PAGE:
The new beta brings added features, greater stability, and—I can’t help noticing—a better icon. I’ve been using the standalone Zotero for the past few days, and I’m happy to say it’s been working quite well. Using the Chrome connectors, I’ve been able to save references from journal databases and the like as easily from Chrome as from Firefox.
I’ll update ProfHacker when I have a better feel for Zotero Standalone, but I…
May 17, 2011, 3:00 pm
It doesn’t matter how stable your computer is or how stable your web browser is, at some point, your browser will crash. It seems that the chances of your browser crashing are directly proportional to the importance of whatever it was you were working on at the time.
And my own empirical analysis, conducted at great personal cost, demonstrates that the chances of a crash are exponentially higher if you happen to be in the middle of writing something in your browser, say, composing a lengthy blog post or writing a detailed comment to someone else’s blog.
If your browser hasn’t crashed when you were writing in it, just wait. It will.
Do yourself a favor then, and immediately install the Lazarus: Form Recovery extension, which automatically saves everything you write on the web in an SQLite database on your computer. If your computer or browser crashes, simply reopen the web page, …
February 15, 2011, 11:00 am
Several weeks ago Jason observed in his Weekend Reading that the folks at the Center for History and New Media at George Mason University had released an alpha “standalone” version of Zotero. Zotero has long been a ProfHacker favorite, and many of us here and elsewhere were excited to be able, finally, to use Zotero without using Firefox, the browser for which Zotero was originally designed as an extension.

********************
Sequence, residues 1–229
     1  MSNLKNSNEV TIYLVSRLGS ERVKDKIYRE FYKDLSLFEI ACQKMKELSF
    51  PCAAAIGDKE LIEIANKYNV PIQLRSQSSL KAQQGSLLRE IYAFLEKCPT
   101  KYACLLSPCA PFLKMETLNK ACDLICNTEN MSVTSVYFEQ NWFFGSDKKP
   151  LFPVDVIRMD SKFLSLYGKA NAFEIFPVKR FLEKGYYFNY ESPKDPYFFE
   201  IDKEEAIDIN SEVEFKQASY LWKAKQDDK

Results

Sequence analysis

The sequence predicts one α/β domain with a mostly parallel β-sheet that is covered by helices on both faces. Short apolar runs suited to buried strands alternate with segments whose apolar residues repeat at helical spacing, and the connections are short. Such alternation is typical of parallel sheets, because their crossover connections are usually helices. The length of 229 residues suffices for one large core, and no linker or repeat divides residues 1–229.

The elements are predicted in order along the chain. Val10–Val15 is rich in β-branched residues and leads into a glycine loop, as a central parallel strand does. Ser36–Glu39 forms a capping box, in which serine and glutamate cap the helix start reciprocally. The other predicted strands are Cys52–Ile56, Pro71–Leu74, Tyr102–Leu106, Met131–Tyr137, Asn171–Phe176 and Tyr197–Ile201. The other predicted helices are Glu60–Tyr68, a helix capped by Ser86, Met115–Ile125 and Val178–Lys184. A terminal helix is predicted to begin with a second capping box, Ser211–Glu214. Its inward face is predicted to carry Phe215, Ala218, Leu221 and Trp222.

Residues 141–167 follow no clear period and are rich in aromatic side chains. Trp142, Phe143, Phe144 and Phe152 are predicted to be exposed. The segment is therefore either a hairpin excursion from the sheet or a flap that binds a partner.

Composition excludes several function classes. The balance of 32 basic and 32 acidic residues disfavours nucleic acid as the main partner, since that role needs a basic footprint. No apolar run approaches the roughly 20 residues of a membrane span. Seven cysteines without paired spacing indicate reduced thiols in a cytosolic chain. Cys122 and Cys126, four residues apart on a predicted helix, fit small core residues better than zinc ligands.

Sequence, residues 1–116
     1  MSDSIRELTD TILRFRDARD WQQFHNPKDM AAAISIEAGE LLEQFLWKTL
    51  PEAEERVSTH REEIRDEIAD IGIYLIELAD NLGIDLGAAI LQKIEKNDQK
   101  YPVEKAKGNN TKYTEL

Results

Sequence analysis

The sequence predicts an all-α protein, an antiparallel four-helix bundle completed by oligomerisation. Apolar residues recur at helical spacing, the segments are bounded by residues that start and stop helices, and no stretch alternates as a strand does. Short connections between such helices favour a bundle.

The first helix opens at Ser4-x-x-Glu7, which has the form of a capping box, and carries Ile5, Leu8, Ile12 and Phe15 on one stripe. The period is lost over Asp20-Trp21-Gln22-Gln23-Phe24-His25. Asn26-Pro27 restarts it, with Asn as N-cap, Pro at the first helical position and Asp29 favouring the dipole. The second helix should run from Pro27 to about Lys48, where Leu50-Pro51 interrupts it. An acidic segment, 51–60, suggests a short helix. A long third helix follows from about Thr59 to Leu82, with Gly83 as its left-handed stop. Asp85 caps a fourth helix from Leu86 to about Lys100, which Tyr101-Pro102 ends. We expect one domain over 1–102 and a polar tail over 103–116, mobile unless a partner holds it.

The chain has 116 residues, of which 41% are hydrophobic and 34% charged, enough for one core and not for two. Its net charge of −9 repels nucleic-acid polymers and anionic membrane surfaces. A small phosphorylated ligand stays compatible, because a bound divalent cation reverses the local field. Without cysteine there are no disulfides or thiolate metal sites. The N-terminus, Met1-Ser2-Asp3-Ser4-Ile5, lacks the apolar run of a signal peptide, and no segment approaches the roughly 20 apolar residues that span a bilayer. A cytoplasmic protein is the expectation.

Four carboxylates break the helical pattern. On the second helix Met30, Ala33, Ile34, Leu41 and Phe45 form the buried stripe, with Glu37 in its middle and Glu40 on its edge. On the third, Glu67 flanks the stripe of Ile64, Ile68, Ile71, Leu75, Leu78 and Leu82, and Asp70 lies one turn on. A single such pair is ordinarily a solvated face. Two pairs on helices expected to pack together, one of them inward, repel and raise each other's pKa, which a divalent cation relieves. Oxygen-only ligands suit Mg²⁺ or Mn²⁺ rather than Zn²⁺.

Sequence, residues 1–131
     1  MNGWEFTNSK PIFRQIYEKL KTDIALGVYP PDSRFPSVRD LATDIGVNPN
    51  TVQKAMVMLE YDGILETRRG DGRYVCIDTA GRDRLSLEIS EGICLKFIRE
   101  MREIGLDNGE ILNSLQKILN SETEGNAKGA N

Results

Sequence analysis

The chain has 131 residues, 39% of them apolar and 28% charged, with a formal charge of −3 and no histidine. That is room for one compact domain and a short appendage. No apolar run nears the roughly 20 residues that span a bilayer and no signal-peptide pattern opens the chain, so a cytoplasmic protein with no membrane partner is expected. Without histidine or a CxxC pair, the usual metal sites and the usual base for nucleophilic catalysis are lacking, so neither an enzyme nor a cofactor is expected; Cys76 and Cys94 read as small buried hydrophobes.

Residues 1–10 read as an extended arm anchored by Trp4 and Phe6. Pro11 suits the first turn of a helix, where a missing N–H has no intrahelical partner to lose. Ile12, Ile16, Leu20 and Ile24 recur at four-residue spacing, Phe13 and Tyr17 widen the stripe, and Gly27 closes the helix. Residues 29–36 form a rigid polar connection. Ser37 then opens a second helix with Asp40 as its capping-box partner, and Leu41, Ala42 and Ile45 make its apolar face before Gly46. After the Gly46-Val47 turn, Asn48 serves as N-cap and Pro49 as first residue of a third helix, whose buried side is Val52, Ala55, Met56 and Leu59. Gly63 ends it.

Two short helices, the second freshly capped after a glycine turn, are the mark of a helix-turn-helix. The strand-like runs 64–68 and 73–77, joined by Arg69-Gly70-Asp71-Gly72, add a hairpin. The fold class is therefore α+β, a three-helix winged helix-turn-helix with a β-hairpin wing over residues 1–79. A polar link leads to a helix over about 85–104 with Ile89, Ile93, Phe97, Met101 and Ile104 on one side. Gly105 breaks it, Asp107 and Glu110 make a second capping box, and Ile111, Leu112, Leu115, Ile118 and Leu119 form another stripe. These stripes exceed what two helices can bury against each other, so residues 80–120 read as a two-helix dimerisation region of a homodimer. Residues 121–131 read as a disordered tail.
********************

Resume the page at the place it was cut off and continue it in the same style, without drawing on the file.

And Zotero Standalone is indeed standalone. It looks exactly like the regular Zotero, but running in a separate, resizable window. After installing the “connectors” you can even save items to Zotero from Chrome or Safari, using the familiar icons that appear in those browsers’ location bar (Chrome) or main toolbar (Safari).
The Zotero team has provided a thorough introduction to the standalone Zotero, so there’s no need to duplicate those instructions here. However, it’s worth…
September 28, 2010, 8:00 am
It’s likely that somebody’s already told you about the wonders of Google’s browser, Chrome. That someone may even have been Julie, in her post Using Google Chrome and Chrome Extensions for Speed and Productivity. Chrome’s got an awful lot going for it: it’s fast, it’s lightweight, and it’s super-stable—and as web applications become more complex, that last is increasingly important. If you’ve ever had Firefox crash when you’ve got multiple tabs open, you’ll know what I mean. In Chrome, each tab and window runs as a separate process, and so the worst that a bad Flash application can do is cause the tab it’s in to fail.
But beyond simple stability and speed, Chrome’s got a lot of options available. Here are a few nifty tricks that might help make your browsing experience that much better.
As Julie discussed in her earlier post, Chrome has hundreds of available